Facility Management Shaped By Diverse Responsibilities

Office Design. Originally created as part of Herman Miller’s Action Office in 1968, the cubicle evolved into a symbol of the office. In the early 2000s, Steelcase reported a decrease in cubicle size from 250 square feet to 190 square feet (a 21% drop) in its report, “The State of the Cubicle.” The open office was a development created by an increase in employee collaborative problem solving.

Facility Executive
he second annual Facility Executive Live! conference was held in Philadelphia, PA on the University of Pennsylvania campus on September 20, 2018. (Photo: Matthew Sham)

Meanwhile, a product that continues to have an impact on office furniture design is the Aeron Chair from Herman Miller. Designed by Don Chadwick and Bill Stumpf, the chair debuted in 1994 to critical acclaim. It came in three sizes. It wasn’t padded or upholstered. It did not look like a typical task chair. Consequently, its popularity and success made other companies take notice. With the introduction of the Aeron, a slew of other ergonomic products entered the marketplace-footrests, mouses, keyboards, desks, and document holders—all developed with the idea to make employees more comfortable and more productive while spending hours in front of a computer.

Hoteling for office design was pioneered in 1994 by ad firm Chiat Day and popularized in the later part of that decade as a result of the boom in wireless communications. Hoteling allowed facility managers to create shared workstations for employees who did not spend every day in the office. This helped reduce facility costs, such as energy and furniture, associated with a permanent office setting.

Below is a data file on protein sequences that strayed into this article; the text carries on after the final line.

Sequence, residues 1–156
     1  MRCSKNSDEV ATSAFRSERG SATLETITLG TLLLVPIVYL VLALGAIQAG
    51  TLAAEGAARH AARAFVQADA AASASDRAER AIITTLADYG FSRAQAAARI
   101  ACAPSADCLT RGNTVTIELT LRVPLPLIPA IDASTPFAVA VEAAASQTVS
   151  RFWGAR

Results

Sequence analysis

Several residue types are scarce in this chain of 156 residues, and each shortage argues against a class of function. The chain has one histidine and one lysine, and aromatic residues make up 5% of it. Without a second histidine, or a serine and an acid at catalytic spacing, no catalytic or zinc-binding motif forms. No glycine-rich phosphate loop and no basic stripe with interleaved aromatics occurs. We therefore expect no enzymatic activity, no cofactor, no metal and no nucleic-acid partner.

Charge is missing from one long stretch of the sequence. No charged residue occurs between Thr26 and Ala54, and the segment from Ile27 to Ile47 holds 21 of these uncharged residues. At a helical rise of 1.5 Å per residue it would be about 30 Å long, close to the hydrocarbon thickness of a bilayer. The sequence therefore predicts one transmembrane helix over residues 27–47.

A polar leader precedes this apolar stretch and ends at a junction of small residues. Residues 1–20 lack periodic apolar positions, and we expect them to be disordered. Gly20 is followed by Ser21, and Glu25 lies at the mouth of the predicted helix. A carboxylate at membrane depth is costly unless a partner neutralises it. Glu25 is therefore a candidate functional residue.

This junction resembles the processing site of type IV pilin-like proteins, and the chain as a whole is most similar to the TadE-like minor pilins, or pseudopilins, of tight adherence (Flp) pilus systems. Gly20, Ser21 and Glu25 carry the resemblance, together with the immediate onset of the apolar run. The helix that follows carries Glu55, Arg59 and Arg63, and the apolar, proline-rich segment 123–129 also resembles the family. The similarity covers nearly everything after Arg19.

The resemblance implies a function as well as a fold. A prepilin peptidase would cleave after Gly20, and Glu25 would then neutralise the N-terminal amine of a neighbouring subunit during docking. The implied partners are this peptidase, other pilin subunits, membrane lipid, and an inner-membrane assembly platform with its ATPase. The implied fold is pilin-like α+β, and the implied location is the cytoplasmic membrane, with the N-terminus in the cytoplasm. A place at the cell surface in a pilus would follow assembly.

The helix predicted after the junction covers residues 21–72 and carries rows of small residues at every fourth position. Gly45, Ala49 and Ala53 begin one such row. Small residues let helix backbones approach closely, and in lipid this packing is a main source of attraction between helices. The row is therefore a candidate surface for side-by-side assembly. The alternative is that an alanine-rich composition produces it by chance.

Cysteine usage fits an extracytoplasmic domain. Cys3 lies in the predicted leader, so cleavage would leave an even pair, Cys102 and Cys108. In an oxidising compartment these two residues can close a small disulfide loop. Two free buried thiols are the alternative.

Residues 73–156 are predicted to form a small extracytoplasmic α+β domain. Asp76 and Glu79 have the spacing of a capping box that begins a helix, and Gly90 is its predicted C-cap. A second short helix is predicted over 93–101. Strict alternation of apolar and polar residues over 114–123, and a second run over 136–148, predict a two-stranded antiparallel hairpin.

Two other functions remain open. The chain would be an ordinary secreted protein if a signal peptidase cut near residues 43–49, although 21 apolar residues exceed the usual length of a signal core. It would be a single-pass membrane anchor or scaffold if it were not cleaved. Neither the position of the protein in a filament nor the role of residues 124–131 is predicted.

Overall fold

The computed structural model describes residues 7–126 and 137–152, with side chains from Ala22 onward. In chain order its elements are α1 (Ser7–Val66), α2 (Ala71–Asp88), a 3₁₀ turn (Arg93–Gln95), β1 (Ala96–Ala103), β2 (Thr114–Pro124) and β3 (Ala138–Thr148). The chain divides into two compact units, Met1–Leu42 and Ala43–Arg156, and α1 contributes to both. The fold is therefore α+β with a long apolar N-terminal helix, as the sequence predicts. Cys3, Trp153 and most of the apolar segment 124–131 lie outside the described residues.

While the idea of hoteling set up a situation of unassigned workspace, employees usually needed to reserve the station prior to coming in on a particular day. (Technology available today comes in handy for that.)

E-mail, the Internet, and Connectivity. Speaking of the rise of the computer in the workplace, the early to mid-1990s could mark the beginning of the decline of face-to-face conversation. E-mail was technology, much like the Internet, used by the U.S. government and universities, before it became an indispensable part of everyday life. Now instead of walking down the hall, traveling to another building in a facility, or even picking up the phone, people send an e-mail in the search for immediate answers and information.

While helping fms save money on phone bills and progressing to a “paperless office,” e-mail also forced fms to install a variety of high-tech security measures to guard against spam mail, Internet viruses, and the leaking of proprietary information. Another victim of e-mail: the mailroom delivery person, who according to designer Douglas Ball is “retired and living in Florida getting e-mails from the kids.”